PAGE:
Past Entertainment Articles.

Article for the week of 10/4/06


Really Pathetic Classic Movie Review

Son of Paleface

By, Puns McKenna

A lighthearted western comedy staring Bob Hope, Jane Russell, Roy Rodgers, and of course, Trigger (the smartest horse in the movies).

Son of Paleface is the lighthearted sequel to The Paleface, in which Hope played Painless Peter Potter. In Son of Paleface, hope plays the hapless, idiot son of Painless Potter. Junior Potter has just graduated from Harvard. He comes out west looking to inherit his father's fortune. Only Painless Potter has hidden his fortune. And left so many debts, he makes college grants look like lunch money.

Junior barrels into town in his horseless carriage and wreaks havoc with the local transportation system. Busted wagons and traumatized horses just add to the debt that Junior has to pay. But there's a light at the end of the tunnel. On his first day in town, Junior meets up with his Pop's old partner, Ebenezer Hawkins, played by Paul E. Burns. Old Eb knows that Painless his fortune, and as his partner, he feels he deserves a share. Now Eb isn't all bad, cause he's looking out for Junior too. He helps Junior bluff his way through town until they can find the fortune.

On his first night in town, Junior meets the town's wealthy entertainer, Mike Delroy, played by Jane Russell. Mike saves our hapless hero several times during the movie, and along the way falls in love. He also meets Roy Rogers and his horse, Trigger. Roy and Trigger portray themselves in this movie, as a government agent and his faithful partner. When Ebenezer finds the fortune that Painless Peter Potter hid, Roy, Trigger, Junior, and Mike team up to find Ebenezer and the gold.

Hope, Russell, Rogers, Trigger, Burns, and the supporting cast, combine their talents to make this movie a comedic jaunt through the "Wild West". If you want a good laugh without strings attached, I highly recommend "Son of Paleface". It's one of Bob Hope's best movies next to "The Seven Little Foys". Classic Comedy. Western Hijinx. Award Winning music. This movie has it all. If you like Bob Hope and want a good comedy, watch this movie. Son of Paleface is well worth 95 minutes of your time.


Really Pathetic Movie Review  
Everyoneís Hero Rounds the Bases as a Family Flick

By, Paul Mann (Editor and Weirdo)

Once in a while itís nice to escape the negativity of the world, especially if you are a baseball fan. Things havenít been the brightest for the majors in the past couple of years with steroids, overpaid players and in my case a lack of winning by my favorite club. There is a glimmer of hope fans of Americaís pastime, hope in a movie that reminds us itís not about how Barry screwed up this week; itís about the game itself. A movie titled: Everyoneís Hero.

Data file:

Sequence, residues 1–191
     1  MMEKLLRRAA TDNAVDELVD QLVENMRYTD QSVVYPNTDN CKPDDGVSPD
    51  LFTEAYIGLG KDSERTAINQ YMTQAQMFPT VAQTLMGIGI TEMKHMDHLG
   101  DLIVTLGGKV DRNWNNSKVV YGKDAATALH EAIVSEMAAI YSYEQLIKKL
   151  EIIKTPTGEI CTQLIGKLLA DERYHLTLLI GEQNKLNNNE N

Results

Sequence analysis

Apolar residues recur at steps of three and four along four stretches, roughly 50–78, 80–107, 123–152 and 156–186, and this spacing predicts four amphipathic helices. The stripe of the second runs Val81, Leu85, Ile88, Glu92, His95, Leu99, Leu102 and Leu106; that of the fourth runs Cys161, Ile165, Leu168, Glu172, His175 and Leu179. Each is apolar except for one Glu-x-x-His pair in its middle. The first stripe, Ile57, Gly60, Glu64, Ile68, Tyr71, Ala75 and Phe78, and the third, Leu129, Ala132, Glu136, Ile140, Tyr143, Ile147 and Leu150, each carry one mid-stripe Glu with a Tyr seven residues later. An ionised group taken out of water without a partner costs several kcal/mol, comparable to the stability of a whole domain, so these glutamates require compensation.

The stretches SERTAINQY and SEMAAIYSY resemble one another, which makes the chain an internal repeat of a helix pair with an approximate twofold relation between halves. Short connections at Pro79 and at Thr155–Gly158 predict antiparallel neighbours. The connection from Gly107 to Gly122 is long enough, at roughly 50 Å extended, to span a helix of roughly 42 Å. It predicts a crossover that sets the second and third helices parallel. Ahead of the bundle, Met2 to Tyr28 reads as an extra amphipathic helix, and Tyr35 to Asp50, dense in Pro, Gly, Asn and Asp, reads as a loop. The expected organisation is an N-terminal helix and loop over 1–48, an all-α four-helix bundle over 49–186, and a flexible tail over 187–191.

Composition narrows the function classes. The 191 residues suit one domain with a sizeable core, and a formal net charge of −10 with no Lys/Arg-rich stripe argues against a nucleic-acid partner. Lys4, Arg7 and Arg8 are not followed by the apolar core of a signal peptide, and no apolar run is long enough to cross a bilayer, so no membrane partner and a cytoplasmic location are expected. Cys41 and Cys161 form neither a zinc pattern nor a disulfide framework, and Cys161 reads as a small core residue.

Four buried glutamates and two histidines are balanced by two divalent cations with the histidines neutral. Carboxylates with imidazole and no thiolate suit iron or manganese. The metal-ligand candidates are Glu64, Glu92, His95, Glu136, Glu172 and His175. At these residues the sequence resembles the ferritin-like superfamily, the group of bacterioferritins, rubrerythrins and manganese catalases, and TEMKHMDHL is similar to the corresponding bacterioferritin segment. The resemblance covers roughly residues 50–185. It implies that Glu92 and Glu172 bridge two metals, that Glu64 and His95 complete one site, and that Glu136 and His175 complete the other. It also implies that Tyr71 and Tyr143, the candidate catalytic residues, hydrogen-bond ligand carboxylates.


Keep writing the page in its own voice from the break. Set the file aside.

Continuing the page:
The tale begins with the introduction of the average life of a kid in the 1930s. (Or at least average for one in New York City). Young Yankee Irving (Jake T. Austin) attempts to fit in with the other kids in his neighborhood, but like all underdogs he canít quite achieve the status quo. The status quo is being able to play baseball. This all changes when he finds a baseball named Screwy (Rob Reiner). Before you can say Pittsburg Pirates Presently put Pickles in Places, an adventure is born.
The adventure occurs when Babe Ruthís favorite bat Darlin (Whoopi Goldberg) is stolen by Cubs Pitcher Lefty Maginnis (William H. Macy). Irving is the only one who knows Lefty stole the bat and when no one believes his story, he sets off to right the wrong himself. Thus a whacky comedy begins that takes Irving and his pals along the railroad from New York to Chicago in an attempt to save the World Series for the Yankees. Along the way Irving meets friends through characters such as Marti Brewster (Raven-Symone), Hobo Andy (Richard Kind) and even the Babe himself (Brian Dennehey).
Now as far as baseball films go in general, itís probably not near the top of the list. After all, it can be hard to live up to greats such as Field of Dreams or The Sandlot. Then again Everyoneís Hero cannot be totally left out of greatness. The film does a decent job showing how baseball is meant to be about the good times, a respectable tribute to the Negro Leagues appears throughout and it reminds us how important being united as fans can be. (Well, as much as Yankee and Non-Yankee fans will tolerate) So, while this movie may not be remembered as one of the most quotable, it still shines well enough. Better than can be said for anything starring The Rock.
After the movie was over I must say I actually had fun watching this. (Of course, Iím the type sitting around watching cartoons every chance I get.) If you are looking for a great family flick to drag the folks to then this will be right in the ball park. If you are looking for gritty baseball action with social satire Iíd just staying at home and watching A League of Their Own. After much consideration Iíd say a decent score would be appropriate for Everyoneís Hero. Iíll give it three fastball pitches out of five.

This movie review was also featured in Volume 33: Issue 6 of The Chase at Eastern New Mexico University.




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